This would put the focus back on the GOP for their cuts only strategy - they want to cut the military and education rather than closing loopholes and tax shelters on millionaires.  

    Keystone XL Pipeline - Canada gets the money, Asia gets the oil, America gets the toxic refinery pollution and potential for a pipeline leak ecological disaster.

    by Jacoby Jonze on Tue Feb 05, 2013 at 06:35:29 PM PST

  •  President Obama is protecting the economy (7+ / 0-)

    Defense spending is our economy.

    The spending can be diverted into a different investment that employs people -- like nation-building at home.

    But, these cuts are meant to remove spending from the economy.

    At this point, with our fragile economy, these cuts are the kiss of death.

    Until the public changes its mind about our self-manufactured war on terror -- progressives don't have a hope in this arena -- in terms of a slow pivot toward internal investment.

    Denial is a drug.

    by Pluto on Tue Feb 05, 2013 at 06:40:45 PM PST

    •  yes, as mentioned elsewhere (2+ / 0-)
      Recommended by:
      Pluto, defluxion10

      our "defense" spending is more than 40% of the entire world's military budget. And, since we've shipped the rest of our manufacturing to foreign factories, we have to protect our specialty.

    •  Exactly (3+ / 0-)
      Recommended by:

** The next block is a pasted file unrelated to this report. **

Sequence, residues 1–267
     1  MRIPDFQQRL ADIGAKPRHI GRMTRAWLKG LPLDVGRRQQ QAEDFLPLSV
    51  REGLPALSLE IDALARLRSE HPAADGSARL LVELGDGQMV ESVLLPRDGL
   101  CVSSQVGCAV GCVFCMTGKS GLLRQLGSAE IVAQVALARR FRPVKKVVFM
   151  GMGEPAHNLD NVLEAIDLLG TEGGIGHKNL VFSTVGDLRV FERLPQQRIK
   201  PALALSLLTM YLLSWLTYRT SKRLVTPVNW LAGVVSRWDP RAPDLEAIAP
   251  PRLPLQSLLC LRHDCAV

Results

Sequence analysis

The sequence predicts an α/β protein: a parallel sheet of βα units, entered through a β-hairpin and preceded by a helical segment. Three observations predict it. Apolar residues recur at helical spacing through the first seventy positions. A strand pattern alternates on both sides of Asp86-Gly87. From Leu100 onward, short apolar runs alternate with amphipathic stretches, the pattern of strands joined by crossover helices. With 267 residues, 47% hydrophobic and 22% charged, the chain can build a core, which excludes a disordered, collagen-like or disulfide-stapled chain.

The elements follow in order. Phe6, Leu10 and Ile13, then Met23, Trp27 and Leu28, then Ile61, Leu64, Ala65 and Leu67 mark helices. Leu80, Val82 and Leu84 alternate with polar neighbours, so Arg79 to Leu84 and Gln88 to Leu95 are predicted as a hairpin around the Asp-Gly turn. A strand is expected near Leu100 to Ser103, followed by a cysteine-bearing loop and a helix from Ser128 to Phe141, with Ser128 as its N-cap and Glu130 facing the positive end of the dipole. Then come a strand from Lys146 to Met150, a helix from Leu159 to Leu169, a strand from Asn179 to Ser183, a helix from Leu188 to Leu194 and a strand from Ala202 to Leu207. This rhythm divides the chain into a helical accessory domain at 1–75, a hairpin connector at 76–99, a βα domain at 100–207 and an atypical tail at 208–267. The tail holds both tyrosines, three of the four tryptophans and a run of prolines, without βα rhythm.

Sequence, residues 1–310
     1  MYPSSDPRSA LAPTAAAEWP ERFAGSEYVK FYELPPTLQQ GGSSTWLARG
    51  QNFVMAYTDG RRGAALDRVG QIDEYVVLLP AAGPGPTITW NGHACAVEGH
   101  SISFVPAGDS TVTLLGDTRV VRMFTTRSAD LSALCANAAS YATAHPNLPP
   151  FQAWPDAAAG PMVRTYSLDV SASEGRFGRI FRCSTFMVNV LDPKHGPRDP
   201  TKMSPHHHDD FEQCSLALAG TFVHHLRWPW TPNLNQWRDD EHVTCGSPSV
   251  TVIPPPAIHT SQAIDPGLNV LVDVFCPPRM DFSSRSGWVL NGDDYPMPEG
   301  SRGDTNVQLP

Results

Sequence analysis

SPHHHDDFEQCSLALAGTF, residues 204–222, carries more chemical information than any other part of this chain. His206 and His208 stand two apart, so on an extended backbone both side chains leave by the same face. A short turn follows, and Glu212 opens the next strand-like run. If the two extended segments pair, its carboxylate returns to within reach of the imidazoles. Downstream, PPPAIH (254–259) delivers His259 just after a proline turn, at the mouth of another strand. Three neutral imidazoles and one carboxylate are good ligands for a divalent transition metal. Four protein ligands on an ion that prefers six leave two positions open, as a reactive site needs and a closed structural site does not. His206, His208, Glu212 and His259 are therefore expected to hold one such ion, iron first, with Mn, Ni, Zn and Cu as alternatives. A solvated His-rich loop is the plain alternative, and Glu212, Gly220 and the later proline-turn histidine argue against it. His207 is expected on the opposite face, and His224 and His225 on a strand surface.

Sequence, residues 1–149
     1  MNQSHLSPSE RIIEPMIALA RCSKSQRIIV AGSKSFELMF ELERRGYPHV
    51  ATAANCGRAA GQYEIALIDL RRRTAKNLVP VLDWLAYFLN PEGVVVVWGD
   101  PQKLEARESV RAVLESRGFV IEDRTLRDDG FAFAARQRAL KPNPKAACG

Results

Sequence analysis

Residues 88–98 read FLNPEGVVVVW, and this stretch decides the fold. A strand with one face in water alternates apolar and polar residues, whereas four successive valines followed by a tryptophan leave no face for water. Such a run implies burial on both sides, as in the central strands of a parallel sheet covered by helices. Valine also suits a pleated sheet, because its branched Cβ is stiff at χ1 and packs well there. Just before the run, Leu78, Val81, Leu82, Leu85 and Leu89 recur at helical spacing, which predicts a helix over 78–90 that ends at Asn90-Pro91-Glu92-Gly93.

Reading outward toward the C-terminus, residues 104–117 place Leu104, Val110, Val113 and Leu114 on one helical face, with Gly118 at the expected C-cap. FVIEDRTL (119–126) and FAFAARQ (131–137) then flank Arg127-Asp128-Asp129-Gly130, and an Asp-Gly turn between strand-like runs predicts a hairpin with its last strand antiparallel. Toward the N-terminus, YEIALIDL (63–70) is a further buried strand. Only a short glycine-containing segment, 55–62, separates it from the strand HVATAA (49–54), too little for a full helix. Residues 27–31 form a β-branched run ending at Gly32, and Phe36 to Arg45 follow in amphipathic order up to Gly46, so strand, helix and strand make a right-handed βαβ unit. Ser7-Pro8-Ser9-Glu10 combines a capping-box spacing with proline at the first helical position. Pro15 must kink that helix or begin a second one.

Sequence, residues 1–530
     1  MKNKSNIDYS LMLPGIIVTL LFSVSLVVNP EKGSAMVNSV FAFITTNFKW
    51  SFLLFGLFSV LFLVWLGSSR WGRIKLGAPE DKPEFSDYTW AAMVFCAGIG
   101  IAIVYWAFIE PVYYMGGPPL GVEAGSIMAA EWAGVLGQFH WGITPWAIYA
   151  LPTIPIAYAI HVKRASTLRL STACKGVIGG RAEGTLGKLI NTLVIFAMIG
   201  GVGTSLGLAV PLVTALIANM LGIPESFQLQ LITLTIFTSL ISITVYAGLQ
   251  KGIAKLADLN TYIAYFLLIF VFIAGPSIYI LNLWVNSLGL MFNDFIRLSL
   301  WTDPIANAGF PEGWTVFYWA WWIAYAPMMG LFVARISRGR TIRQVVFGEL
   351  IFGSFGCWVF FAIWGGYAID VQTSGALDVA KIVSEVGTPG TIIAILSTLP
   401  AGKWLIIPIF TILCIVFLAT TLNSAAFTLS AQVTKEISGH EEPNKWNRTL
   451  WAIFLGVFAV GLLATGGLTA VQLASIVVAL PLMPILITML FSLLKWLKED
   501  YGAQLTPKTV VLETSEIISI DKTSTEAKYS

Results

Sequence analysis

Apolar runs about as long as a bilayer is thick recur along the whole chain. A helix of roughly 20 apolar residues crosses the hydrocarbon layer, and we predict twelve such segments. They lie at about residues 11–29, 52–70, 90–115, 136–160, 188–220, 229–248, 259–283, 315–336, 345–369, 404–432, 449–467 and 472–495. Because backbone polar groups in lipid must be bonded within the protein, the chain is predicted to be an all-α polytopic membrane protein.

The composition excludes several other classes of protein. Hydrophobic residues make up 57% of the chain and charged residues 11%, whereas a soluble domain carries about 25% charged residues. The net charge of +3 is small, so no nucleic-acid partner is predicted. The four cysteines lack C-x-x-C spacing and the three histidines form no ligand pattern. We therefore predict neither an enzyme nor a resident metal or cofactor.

Pluto, defluxion10, cynndara

      While it sounds good to cut billions from DoD in one fell swoop, it's going to have a big impact on the economy. Look at what a drop in defense spending in Q4 did to GDP.

      If the spending cuts go through as planned, its going to hurt the economy. Alot. That's what they were intended to do. The whole idea behind the sequester was that the cuts would be so devastating that neither party wanted them.

      •  I might wager over recession vs depression. (3+ / 0-)
        Recommended by:
        defluxion10, MRobDC, qofdisks

        God knows, it would cripple much of the global economy. We do not spend in a vacuum. The feedback loop would kill us.

        Denial is a drug.

        by Pluto on Tue Feb 05, 2013 at 07:08:50 PM PST

        [ Parent ]

        •  My non-DoD federal office (2+ / 0-)
          Recommended by:
          Pluto, cynndara

          Is going to get slammed with pretty significant budget cuts if the sequester goes through as is. And they are still going to be expected to meet program mandates or else they will be threatened with even bigger budget cuts.

          Which means the hammer isn't going to fall on the program stuff. It's going to fall on HR. They're trying to avoid them, but there are rumblings that there could be rolling furloughs if not outright RIFs. As it is, they're holding positions open that should be filled because when the time comes to actually make the cuts, they can axe those positions first and try to save everybody else's jobs. But my office is budgeted for 20 and we're operating on 10 as it is.

    •  Republicans shifted vast DoD $ to red states (2+ / 0-)
      Recommended by:
      Pluto, cynndara

      It was a core pillar of the K Street project. Base closure impacts in the 1990s were hugely disproportional in nailing blue states. New weapons contracts were overwhelmingly awarded to companies establishing or expanding production in red states (mostly the south). When I lived in DC, I heard of K street sessions attended by Delay himself to map out a 10-year plan to execute this shift.

      Protecting defense spending is not exactly protecting "our" economy - its protecting Rick Perry's economy.

      Given that my state had most of its defense jobs ripped away by Dick Armey and the Hammer, and given that reactionary gerrymandered red states will now suffer disproportionately without their government pork sluices, I'm not that unhappy with the sequester.